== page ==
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Stephen Hawking; the world's finest mind

            Stephen Hawking has died. Doctors said he would die before he was 25 the British physicist , subject of the award-winning  2014 movie The Theory of Everything lived on and worked on until 2018 at the University of Cambridge, where he  spent most of his life. He died on14th March 2018  This text is updated from a portrait of Stephen Hawking first published by Linguapress in 2001.
Stephen Hawking with Barack ObamaStephen Hawking at the 50th anniversary of NASA in 2008 
   A few years ago, the description of an episode of the American cult TV cartoon show The Simpsons went as follows: "The world's smartest man saves the daughter of the world's dumbest man!"    The dumbest man was of course Homer Simpson; the smartest man, making a guest-star appearance in his favourite cartoon show, was Stephen Hawking, Lucasian Professor of Mathematics at Cambridge University, England.
    Many people would agree with the producers of The Simpsons that Hawking, one of the most eminent scientists in the world, had indeed the most brilliant mind of any living person at the time; yet it was a bitter irony that such a brilliant mind should be housed in a visibly disabled body.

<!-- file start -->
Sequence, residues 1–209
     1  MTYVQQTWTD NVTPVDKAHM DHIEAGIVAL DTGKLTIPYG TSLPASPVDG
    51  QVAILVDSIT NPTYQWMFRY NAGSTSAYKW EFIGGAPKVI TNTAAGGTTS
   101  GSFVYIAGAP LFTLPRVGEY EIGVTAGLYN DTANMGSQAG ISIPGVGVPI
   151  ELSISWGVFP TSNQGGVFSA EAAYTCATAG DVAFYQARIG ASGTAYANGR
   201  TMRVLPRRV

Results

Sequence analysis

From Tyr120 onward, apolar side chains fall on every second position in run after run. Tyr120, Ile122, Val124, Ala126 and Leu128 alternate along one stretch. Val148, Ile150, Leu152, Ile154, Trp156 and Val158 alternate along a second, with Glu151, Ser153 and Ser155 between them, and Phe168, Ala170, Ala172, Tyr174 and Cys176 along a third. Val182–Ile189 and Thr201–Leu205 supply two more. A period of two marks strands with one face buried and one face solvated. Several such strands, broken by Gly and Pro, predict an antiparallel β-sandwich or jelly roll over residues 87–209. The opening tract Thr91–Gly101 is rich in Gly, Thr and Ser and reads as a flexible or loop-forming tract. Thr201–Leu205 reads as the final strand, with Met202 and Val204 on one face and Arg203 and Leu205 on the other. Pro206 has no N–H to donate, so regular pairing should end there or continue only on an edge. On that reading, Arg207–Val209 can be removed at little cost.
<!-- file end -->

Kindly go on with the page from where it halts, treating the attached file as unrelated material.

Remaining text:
There are a lot of people who would very much like to know how Hawking could manage to be such a great scientist, while being incapacitated by "motor neurone disease", which not only leaft him confined to a wheelchair, but also meanr that he could not speak without the aid of a voice-synthesizing computer. Though it was a question that no interviewer ever dared to ask Professor Hawking, his answer can be imagined; clearly, there is no necessary correlation between the two.
    "My body may be stuck in a chair," he once said, "But my mind can go to the ends of the universe."
    Stephen was born in Oxford, the son of a specialist in tropical medicine, and naturally perhaps, given the circumstances, he became interested in science at a very young age. By the time he was 15, he had decided to become a physicist, because physics, as he said, was the most fundamental of the sciences.
    After three years at Oxford University, when, as he himself admitted, he did not work very hard, Hawking got a first class degree in natural sciences; he then moved on to do postgraduate study in cosmology at the university of Cambridge. He seemed to be destined to a brilliant future.
    However it was at this point that doctors diagnosed Stephen as suffering from motor neurone disease, a crippling illness that usually leads rapidly to death. Doctors could see no reason why he would be any different from other sufferers, and he was told that he had little hope of living beyond the age of 25; it looked as if the finest mind of his generation was about to be snuffed out.
    This was not to be the case. In 2015, at the age of seventy-three, Hawking was  still working at the University of Cambridge - living proof, is such were needed, of the power of mind over matter.